Every time I watch “Shotgun Ed” Exley shucking and ducking in L.A. Confidential, I’m amazed at how far police shotguns have developed. All the way up to the present, many departments have just bought a sporting gun with perhaps a magazine extension or a synthetic stock and called it good. Even when I was on Embassy Duty in the late 1970s, the State Department issued us the light, folding-stock Remington Model 870P—a great gun, but quite light for the kind of daily bashing about suffered by police guns.
FNH now offers a purpose-built, extra-heavy-duty semiauto that is built to stand up to 30 or 40 years of daily abuse. It’s no feathery field gun for upland game. No, the Self Loading Police is tough, heavy and overbuilt by the same factor as a Cummins diesel. The eight-round extended magazine could double as a blunt-force instrument, and the two-piece bolt locks up twice as securely as any other gas gun I’ve seen: The locking recess is machined all the way through the barrel extension, and the extractor is as beefy as a female Bulgarian shotput champion. The Mark I differs from the original in having a Weaver rail and lower sights.
FNH continues John Browning’s tradition of building intuitive designs. The first time I disassembled the gun, it took me about two minutes to break down and less than a minute to put back together. Yes, I assembled it correctly, and no, in the great tradition of American sportsmen, I didn’t read the instructions first.
In order to gather some varied opinions, I loaned the gun to a member of my club who’s an instructor with the LAPD. He had novice and veteran officers run every kind of high and low base load through it with no problems. The gun comes with two pistons, one for reduced recoil when shooting high-based loads. This is nice but not required. The action cycled every 2 3/4- and 3-inch shell I had except Winchester’s excellent feather-emblemed reduced-recoil target loads. The box says clearly that it will not cycle most semiautos, so that was no surprise.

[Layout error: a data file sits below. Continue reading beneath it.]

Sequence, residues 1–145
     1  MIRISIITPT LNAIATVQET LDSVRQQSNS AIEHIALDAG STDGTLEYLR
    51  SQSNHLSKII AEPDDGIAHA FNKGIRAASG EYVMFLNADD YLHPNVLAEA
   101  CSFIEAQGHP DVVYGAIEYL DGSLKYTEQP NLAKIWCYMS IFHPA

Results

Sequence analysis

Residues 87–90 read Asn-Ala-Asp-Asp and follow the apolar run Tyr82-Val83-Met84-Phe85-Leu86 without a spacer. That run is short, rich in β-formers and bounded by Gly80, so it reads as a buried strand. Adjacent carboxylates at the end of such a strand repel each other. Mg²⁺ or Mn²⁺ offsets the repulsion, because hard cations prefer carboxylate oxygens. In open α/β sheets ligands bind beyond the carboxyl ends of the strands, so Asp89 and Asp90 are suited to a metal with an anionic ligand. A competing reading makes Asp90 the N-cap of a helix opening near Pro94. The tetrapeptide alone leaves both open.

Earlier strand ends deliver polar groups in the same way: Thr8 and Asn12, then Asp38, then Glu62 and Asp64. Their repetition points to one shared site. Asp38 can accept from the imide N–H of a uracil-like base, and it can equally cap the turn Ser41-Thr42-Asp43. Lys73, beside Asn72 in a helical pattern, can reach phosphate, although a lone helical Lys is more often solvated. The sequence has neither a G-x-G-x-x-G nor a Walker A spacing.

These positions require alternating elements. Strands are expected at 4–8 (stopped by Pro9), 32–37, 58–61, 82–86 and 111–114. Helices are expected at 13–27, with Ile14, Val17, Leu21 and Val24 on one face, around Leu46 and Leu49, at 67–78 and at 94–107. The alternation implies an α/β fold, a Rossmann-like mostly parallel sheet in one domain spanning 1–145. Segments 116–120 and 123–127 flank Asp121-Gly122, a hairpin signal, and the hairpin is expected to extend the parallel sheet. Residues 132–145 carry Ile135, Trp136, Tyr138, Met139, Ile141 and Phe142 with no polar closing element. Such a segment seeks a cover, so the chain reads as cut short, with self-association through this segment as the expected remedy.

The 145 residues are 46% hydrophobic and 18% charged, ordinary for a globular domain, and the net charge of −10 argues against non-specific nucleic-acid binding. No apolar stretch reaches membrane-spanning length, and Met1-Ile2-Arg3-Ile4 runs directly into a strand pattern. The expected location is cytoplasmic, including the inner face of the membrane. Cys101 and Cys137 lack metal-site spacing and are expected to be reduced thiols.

Upon receipt of the gun, I dosed it with a couple squirts of Jig-a-loo in the action. When I got it back from the cops, I squirted it again before doing my own shooting. The gun ran perfectly, so the new lube gets a thumb’s-up.
For lightly built officers and petite home defenders, the lush buttpad and heft of the SLP help reduce recoil, something appreciated by my range buddy Amber Markovich, who isn’t thrilled by heavy recoil.
The test gun came with a rail cantilevered over the receiver. A 10/22-esque folding rear sight is mounted on the front end of this and matches up with the fiber optic front post. Reports from my police friends indicated these subtle iron sights were a bit slow to acquire and recommended an optic. I tried tossing an uber-cool Zeiss Z-point red dot onto it only to find out that the rail wasn’t the standard 1913 but a Weaver. To the rescue was a C-More holographic optic, which presented an excellent sight picture and quick acquisition. FNH offers a host of accessories including slings, lights and three rail mounts for the mag extension.
For my own testing, I used a mix of target rounds and some extra nasty Centurion buck and ball. This wicked load is distributed by DKG/Zanders and is a .650 roundball backed up by six No. 1 buckshot—all rushing downrange at 1,300 fps, with the roundball acting as a spreader. Out of the removable IC choke (the gun also comes with a Cylinder choke), this produced a torso-wide spread at 18 yards. At 10 yards, the roundball went five inches into a hardwood railroad tie. I can’t imagine a more effective round for backing up the castle doctrine.
FNH has been around for more than a century and is firmly established as a superior contractor for the U.S. military, so long-term customer support isn’t a concern. I see the SLP as a brutally tough tool for enforcing the law. I’d recommend it to departments and agencies that want one gun that will last an officer his entire career—and then some.